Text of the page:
He was to be the ‘master’ of Daisy and had driven it over from S E Davis’ premises 3½ miles away with Paul Davis the previous Saturday. He had steamed the engine up at 6.30am and had oiled all around when I arrived at 10am and already the roller was out on the job finely rolling the edges of the 450mm thick recycled 6F5 stone that had to be used on the road near Ragley Hall, owing to the conservation requirements of that area of the estate.
I could see Miles was making a good job as he went forward and back keeping things straight and smooth and not exaggerating his movement at the steering wheel which could affect the front rolls’ line and leave a mark on the road surface.
After completing this section of the job we were joined by the Marquess of Hertford and his team for a photo session in front of the hall with Jack, an 11-year-old Shire horse who was not bothered by the steam roller, which was certainly a docile performer. Everyone loved Daisy for its patina’d condition and it looked so authentic for the surroundings we were in.
Miles reversed it to the water tank and I placed the hose in the tank as Miles turned the wheel valve on the rear spectacle plate manifold. As Miles went for his tea break I took over and built the fire up while the water tank filled up, and I tested out the short-handled Allison Supplies steam shovel.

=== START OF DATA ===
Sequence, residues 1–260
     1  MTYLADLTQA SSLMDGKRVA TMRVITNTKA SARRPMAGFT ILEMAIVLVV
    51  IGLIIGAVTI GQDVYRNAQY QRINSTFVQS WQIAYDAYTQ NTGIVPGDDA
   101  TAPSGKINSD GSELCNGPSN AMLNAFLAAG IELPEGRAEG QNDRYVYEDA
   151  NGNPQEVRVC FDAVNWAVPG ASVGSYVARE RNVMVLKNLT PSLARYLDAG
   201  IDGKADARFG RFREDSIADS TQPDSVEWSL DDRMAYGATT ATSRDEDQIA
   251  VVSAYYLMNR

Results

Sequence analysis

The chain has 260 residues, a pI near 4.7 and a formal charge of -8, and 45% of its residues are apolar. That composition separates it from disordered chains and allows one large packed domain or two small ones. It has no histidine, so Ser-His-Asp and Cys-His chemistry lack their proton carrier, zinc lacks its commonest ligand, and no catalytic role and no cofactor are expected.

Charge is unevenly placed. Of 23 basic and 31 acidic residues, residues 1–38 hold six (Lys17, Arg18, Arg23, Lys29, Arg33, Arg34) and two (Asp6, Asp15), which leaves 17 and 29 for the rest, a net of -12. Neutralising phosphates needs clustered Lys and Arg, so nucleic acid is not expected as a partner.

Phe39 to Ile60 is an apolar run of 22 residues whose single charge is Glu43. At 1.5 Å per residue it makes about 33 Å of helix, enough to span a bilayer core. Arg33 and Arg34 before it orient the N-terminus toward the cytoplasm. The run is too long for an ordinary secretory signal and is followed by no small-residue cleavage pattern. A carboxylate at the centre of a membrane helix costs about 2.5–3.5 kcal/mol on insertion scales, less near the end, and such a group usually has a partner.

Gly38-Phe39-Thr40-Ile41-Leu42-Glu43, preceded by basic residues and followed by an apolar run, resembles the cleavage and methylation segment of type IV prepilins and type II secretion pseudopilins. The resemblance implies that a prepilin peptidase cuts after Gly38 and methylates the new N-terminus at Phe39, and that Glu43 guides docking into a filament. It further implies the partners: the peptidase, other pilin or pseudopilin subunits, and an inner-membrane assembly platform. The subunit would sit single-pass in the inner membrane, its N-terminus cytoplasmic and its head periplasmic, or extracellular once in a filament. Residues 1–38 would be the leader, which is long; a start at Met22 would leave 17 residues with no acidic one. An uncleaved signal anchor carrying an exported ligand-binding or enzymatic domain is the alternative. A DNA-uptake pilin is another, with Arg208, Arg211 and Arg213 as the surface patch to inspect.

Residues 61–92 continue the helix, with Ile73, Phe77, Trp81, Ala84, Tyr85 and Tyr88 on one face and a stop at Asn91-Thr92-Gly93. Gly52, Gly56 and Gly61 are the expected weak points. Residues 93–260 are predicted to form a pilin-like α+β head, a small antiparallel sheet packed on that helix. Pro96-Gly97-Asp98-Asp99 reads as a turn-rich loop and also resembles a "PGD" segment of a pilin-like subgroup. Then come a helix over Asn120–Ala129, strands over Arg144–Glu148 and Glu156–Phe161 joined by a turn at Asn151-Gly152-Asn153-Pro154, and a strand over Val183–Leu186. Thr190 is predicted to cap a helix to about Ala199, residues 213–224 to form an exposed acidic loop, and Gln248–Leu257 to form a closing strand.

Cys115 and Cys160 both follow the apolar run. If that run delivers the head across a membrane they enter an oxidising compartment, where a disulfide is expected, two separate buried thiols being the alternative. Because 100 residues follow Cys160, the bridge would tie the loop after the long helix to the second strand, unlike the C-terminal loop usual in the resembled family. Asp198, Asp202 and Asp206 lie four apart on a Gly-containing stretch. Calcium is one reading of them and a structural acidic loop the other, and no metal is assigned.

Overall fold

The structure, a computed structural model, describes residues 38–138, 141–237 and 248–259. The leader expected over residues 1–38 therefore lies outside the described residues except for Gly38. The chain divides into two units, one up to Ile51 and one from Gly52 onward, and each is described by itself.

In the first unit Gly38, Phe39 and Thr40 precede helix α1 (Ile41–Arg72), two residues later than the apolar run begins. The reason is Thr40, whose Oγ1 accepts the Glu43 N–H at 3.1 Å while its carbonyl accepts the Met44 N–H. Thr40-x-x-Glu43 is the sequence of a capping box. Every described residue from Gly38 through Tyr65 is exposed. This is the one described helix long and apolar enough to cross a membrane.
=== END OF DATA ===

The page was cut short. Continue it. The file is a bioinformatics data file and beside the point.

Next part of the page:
I must say the fire door is not the easiest to get to, nor is seeing the water gauge glasses, they are very well hidden under the third shaft. I tested one of the gauge glass cocks to see where the water was as I turned the excellent injector on. This stopped the safety valves from blowing off and in no time at all we were right on the red line ready to head to another part of the site for more rolling work, after I’d put the water hose back on the tender’s rear bracket.
Off I went across the grass and on to the original road section laid some years ago now. The engine was compounding well as I opened the regulator up, but it needs a little work in this area as you could not take your hand off the regulator lever as it just closed the regulator valve otherwise. Once I got used to this it was fine and I climbed the hill where I opened the ashpan to let air into the firebars, which drew the pressure back up in no time.